I have a lot more photos of the property on my FaceBook Album called Home Sweet Country Living.
The first building we put up. The pumphouse. We used our own bamboo and recycled broken tiles for the shower stall and the sink area. I designed the pattern of the bamboo. I love it. This building is lit exclusively by very bright solar LED light bulbs!

Side view of the pumphouse/shower/eating deck.

We use the electric trikes to get around the village.  Dave did extensive research and development on these. We have been using them for over 2 years now and we love them.
Dave calls this his electric carabao. An electric farm trike pulling a heavy duty trailer. This rig climbs our hills and hauls heavy logs with no problem. Built for durability not speed.
Dave charges his electric motorbikes with solar panels.


The broken tiles were cheap and we used them for the shower stall in the pump house.

We have so many coconuts on our property so we have begun to make our own virgin coconut oil for cooking and I also use the oil on my body and face! We use all parts of the coconut. The meat for coconut milk for certain food dishes, we extract the oil, the husks are used as bedding for my orchids and the coconut shells we dry and reuse as lamp bases, bowls, lampshades etc.

Caretaker cottage. Handy helper Jhun has resided it with scrap bamboo from the groves with my direction. He still has to clean it up, but normally they would have burned these scraps.

Our daughter wanted a swing, slide and sand box. Dave designed this set for her using the bamboo from our groves. It's a favorite place for her and the children of our village helpers to spend a whole afternoon.

My bottle planters finally grown out and I can pinch off the leaves for my daily greens.
The reward from our chickens. Farm fresh eggs. The yolks are deep orange and the whites hold their shapes and are not runny like water, but nice and firm. Delicious too.

This part of the inside of our chicken hut. The floor is lined with a foot of rice hulls and saw dust. The rice hulls and sawdust keep the hut smelling nice  When it gets too soiled we take it all out and put the liter in our garden to improve the soil.  The chcikens lay the eggs in the baskets provided, mostly! Sometimes they find a way into the caretakers hut and lay the eggs under the bed!
Fruits from our property. Pineapple, papaya and jackfruit. Papaya can be eaten green as a vegetable, sort of tastes and looks like Chayote. The jackfruit can also be eaten as a vegetable before it ripens. It's quite starchy and rather like heart of banana. Usually cooked in coconut milk One of my favorite ways of eating jackfruit before it ripens!

A native pineapple in our yard. Small but sweet.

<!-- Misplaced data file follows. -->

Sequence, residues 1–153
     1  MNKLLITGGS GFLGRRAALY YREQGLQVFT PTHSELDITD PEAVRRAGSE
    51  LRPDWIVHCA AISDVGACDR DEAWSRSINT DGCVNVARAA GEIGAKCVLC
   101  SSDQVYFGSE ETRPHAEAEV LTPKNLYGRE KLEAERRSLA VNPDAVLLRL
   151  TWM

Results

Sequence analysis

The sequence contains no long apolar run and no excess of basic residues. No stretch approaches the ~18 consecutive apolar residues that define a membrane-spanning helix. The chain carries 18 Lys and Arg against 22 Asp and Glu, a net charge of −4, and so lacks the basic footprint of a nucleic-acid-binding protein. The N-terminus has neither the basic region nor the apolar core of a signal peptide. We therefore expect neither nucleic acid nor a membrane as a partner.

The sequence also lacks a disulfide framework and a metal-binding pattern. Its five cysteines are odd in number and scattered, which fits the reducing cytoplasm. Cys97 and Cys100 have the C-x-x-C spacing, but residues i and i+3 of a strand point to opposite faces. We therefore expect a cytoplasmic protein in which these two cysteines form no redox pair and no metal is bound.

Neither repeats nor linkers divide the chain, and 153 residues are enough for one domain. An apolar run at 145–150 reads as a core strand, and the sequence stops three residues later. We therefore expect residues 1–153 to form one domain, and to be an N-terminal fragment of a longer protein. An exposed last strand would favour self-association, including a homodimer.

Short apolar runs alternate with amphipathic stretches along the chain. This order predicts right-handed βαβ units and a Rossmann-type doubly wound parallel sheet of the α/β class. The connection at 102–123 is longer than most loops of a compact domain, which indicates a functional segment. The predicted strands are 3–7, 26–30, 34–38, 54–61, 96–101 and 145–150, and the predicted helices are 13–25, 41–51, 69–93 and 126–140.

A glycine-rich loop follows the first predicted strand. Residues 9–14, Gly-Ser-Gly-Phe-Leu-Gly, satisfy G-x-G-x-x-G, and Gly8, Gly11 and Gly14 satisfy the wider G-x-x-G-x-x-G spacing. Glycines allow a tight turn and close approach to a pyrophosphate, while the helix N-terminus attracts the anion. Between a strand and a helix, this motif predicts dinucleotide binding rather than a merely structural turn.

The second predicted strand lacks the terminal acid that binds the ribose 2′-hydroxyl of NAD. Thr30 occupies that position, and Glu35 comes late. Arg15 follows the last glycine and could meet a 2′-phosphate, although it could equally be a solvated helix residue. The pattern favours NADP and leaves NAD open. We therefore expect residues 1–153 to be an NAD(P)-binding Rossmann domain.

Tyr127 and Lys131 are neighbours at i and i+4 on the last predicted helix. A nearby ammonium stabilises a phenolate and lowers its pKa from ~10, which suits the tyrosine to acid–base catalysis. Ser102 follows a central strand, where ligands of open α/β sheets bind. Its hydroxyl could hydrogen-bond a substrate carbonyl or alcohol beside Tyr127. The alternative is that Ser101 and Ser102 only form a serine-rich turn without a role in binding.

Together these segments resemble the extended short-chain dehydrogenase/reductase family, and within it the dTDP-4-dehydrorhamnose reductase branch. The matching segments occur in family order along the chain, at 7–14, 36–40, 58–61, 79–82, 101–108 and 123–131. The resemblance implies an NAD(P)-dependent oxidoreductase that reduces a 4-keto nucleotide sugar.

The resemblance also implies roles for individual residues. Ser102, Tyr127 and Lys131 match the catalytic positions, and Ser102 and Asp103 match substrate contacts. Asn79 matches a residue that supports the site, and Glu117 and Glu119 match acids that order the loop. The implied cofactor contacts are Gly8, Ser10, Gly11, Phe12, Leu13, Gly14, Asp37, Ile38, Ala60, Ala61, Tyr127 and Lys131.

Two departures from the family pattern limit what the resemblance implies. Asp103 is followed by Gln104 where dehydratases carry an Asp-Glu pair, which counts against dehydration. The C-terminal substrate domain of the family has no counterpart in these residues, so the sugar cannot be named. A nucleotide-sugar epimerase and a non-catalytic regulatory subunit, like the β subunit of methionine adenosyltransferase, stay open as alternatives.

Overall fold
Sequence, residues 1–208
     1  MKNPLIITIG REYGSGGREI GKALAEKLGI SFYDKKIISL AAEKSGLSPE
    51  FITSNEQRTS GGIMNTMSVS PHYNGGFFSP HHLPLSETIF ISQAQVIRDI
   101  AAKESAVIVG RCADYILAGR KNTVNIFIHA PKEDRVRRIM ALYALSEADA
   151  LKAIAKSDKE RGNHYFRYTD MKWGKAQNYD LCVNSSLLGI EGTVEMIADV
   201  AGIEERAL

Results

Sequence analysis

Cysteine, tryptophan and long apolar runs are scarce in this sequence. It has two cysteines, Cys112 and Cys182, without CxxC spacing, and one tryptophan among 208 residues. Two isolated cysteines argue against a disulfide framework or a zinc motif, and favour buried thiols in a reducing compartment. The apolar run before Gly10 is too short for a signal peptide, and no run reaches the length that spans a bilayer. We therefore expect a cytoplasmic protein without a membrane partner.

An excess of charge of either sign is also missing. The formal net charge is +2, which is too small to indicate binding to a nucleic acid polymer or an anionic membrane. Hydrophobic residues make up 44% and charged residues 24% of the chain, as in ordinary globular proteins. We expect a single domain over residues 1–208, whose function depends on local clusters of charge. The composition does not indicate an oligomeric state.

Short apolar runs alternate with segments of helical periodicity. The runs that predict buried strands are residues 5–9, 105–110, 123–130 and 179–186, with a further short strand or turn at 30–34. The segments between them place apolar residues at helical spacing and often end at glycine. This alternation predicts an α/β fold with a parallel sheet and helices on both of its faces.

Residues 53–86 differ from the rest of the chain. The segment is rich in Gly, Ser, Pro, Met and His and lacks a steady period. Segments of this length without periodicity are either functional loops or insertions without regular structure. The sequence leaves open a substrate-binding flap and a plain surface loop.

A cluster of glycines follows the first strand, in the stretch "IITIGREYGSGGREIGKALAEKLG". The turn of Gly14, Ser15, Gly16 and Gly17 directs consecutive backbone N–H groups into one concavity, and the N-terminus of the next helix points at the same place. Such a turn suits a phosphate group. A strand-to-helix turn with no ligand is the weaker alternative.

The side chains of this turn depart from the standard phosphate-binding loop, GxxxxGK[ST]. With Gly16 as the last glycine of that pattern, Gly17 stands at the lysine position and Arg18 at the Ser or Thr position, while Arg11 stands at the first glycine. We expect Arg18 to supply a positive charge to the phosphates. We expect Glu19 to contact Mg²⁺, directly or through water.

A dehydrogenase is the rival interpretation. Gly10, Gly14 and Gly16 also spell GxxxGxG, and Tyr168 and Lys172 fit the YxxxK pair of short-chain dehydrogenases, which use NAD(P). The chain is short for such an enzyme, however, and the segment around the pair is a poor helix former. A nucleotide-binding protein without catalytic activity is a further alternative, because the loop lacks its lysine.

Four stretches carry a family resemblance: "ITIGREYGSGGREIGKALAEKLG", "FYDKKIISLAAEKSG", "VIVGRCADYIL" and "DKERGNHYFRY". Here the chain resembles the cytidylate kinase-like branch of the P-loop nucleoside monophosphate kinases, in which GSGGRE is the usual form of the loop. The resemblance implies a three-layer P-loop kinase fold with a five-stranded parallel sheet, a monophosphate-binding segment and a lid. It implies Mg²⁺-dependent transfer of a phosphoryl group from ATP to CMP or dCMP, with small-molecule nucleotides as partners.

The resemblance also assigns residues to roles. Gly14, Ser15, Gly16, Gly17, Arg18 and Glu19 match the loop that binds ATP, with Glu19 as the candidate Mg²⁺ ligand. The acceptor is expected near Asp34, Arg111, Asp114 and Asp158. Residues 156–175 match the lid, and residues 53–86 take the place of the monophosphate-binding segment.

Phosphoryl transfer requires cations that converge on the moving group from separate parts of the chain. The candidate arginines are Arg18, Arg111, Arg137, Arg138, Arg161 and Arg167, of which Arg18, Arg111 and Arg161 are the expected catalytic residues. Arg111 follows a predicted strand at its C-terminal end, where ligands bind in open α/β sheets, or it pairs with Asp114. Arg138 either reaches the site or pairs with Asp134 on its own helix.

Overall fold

We harvest rain water from the metal roof of our carport and it fills this soon to be tilapia pond. Eventually we will use the water from this to experiment with aquaculture. We have two other cicstern in different locations to harvest rain for washing clothes and watering our plants.



This root was something found during the clearing of one field. When I saw it I asked our handy helper Jhun  not to trash it but to make me a jewelry tree out of it. This is what he came up with. Isn't it cool? He used a coconut shell as a base. We have a lot of coconut shells since we grate our own coconuts for the milk and reuse them in things like this.

This is the controller which powers a couple of LED solar lights.  It also has an adapter that charges our cell phones. There is a black cell phone charging at the top of the unit. We got these solar lights from the Photovoltaic Solar Centre, Door #4 Lustre Building, Rizal Avenue, 5300 Puerto Princesa City, Puerto Princesa, Philippines(048) 4346940; Mobile No. 09088937191 email = pvsolarcentre@gmail.com

This is one the solar LED lights that came with the power pac above.

We discovered these new LED light bulbs in town and when we installed them, they are much brighter than our electrcal  higher rated watt bulbs! We have placed them in several places. This one is above my desk and I can use it all day to light up my whole office space. The bamboo base, is of course scrap bamboo which would normally have been burned, but now our helper knows better uses than burning!! Yay!

Dave Dewbre is responsible for all the solar lights, generator and all the electric vehicles. He's so handy! Here he is with his electric sea scooters which we use to tool around the bay here in Mangingisda.

There are a lot of banana trees on our property, we use the leaves for wrapping a native desert called Suman, which is sticky rice boiled in coconut milk then steamed in the banana wrappers.